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The Segregation Wall, Palestine, 2005


The Segregation Wall
Palestine, August 2005


Credit Photo: Banksyblog
Palestine is now the world’s largest open-air prison and the ultimate activity holiday destination for graffiti artists.
In August 2005, Banksy visited Palestine where he painted with his team 7 large murals on the West Bank Wall also referred to as the Segregation Wall.

The security barrier separating the occupied territories from Israel is over 450 miles long and 38ft high. It was deemed illegal by the International Court of Justice but construction by the Israeli government continues.


Banksy Painting in West Bank, Palestine (2005)

Banksy’s feelings about the barrier are made explicit in a statement which says the wall “essentially turns Palestine into the world’s largest open prison.”
On Banksy’s website, readers are reminded that Israel’s 425-mile-long West Bank barrier, separating Israel from the Palestinian territories, is considered illegal by the United Nations.
Segregation Wall, Palestine 2005, Wall and Piece p.138
This mural depicts two young boys playing with buckets and shovels, like children creating sandcastles on a beach. The boys, one standing, the other kneeling, look back at the viewer, rendered in Banksy‘s typical black and white stencil aesthetic. Just above the boys, the artist has created the illusion of a broken section of the grey wall on which the mural was created. Through this false opening through the wall painted as a trompe-l’oeil, a photorealistic color image of a tropical beach paradise is visible, with sand, water, and several palm trees.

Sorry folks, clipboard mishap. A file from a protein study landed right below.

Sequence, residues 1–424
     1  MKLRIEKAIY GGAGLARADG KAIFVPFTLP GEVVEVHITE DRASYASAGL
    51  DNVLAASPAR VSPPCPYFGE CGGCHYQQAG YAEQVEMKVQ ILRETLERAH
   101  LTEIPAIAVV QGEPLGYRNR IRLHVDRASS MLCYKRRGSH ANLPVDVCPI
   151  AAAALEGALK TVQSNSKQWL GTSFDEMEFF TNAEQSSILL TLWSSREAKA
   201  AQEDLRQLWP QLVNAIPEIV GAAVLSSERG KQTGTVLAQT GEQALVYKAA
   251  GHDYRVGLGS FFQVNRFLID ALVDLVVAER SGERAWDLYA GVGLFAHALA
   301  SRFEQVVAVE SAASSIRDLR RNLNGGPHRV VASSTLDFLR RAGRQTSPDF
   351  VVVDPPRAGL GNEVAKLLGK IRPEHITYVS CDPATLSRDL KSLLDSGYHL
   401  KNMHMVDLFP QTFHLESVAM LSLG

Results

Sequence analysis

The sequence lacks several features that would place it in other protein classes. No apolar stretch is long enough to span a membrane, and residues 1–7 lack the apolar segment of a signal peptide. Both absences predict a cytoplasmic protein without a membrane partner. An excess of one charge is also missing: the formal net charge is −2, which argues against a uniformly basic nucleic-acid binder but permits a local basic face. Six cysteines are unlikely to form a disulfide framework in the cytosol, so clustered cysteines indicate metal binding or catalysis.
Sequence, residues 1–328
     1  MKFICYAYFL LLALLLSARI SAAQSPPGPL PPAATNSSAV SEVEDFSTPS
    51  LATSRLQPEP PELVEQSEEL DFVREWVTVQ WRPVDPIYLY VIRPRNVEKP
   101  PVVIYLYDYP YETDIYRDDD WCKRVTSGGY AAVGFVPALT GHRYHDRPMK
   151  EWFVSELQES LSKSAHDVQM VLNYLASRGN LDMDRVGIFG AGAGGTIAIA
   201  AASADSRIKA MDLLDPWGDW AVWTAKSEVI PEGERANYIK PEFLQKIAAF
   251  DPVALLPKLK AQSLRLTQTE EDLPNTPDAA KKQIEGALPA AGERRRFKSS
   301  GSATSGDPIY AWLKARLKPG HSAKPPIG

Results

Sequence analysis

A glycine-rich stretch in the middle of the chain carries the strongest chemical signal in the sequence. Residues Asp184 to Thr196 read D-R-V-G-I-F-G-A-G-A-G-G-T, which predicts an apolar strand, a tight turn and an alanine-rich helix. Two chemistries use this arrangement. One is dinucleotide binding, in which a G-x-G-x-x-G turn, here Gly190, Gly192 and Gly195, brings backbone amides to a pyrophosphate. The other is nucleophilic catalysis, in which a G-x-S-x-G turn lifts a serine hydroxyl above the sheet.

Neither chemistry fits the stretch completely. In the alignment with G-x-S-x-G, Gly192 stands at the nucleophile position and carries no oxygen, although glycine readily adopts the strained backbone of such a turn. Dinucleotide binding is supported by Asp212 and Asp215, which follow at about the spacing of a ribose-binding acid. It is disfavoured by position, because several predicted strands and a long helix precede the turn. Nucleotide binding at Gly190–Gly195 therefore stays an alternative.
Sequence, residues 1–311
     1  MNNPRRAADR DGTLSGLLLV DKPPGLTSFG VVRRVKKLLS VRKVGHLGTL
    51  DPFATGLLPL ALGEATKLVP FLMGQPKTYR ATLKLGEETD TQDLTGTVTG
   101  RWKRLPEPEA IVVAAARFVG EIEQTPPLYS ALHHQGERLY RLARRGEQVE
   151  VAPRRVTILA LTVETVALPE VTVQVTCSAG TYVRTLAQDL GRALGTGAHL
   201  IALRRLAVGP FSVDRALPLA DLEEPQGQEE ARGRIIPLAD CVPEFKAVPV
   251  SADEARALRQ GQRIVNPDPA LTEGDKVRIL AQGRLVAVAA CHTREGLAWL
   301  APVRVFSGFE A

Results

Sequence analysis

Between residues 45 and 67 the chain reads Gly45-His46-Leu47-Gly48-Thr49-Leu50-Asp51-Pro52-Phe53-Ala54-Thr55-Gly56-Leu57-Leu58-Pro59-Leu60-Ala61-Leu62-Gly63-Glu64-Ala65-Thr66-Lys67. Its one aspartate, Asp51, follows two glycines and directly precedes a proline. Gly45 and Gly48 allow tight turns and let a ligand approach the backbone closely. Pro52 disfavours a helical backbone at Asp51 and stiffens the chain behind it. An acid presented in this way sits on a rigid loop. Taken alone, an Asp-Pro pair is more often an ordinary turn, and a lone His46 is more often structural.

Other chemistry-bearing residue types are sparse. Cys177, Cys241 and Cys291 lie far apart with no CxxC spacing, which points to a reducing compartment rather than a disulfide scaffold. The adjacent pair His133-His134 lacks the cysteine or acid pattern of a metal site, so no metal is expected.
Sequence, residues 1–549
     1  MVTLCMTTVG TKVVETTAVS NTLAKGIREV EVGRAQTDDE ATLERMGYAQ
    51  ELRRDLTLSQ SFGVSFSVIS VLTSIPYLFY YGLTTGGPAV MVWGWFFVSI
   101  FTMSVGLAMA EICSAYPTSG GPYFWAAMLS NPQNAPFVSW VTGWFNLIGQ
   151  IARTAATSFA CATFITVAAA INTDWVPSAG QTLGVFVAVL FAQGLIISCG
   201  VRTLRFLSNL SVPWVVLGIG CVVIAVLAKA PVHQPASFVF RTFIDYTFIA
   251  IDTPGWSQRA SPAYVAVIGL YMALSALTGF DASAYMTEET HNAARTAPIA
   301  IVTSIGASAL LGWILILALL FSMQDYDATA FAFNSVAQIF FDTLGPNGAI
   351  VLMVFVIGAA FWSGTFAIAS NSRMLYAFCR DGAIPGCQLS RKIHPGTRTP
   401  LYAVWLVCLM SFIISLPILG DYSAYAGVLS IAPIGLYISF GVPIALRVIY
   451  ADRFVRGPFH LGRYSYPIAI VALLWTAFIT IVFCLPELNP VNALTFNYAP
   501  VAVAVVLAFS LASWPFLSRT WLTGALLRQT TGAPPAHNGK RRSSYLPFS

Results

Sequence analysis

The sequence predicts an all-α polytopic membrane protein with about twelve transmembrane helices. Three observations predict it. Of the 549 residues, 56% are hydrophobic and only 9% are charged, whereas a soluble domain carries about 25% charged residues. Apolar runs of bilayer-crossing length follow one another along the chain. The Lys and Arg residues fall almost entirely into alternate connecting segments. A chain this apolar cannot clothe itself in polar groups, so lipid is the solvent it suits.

Banksy‘s spokeswoman Jo Brooks said that while Banksy was creating the piece, “The Israeli security forces did shoot in the air threateningly and there were quite a few guns pointed at him.” However, Banksy questioned, “How illegal is it to vandalize a wall if the wall itself has been deemed unlawful by the International Court of Justice?”
This mural plays on the notion that the grass may be greener, and the landscape (perhaps environmental, perhaps political) may be better on the other side of this large barrier (although we know that it isn’t).
Ramallah check-point, 2005, Wall and Piece pages 140-141
Banksy may also be suggesting that a better political landscape could only emerge if the barrier were destroyed. By including children in this, and several others of the murals on the wall, the artist forces us to consider the toll that the local conflict takes on the innocent. The viewer is also directly involved and cannot stay indifferent as it seems like the children are looking towards the viewer.
Segregation Wall, Palestine 2005, Wall and Piece page 139
Bethlehem check-point, 2005, Wall and Piece page 143
“Palestine has been occupied by the Israeli army since 1967. In 2002 the Israeli government began building a wall separating the occupied territories from Israel, much of it illegal under international law. It is controlled by a series of checkpoints and observations towers, stands three times the height of the Berlin wall and will eventually run for over 700km, the distance from London to Zurich…”
Banksy, Wall and Piece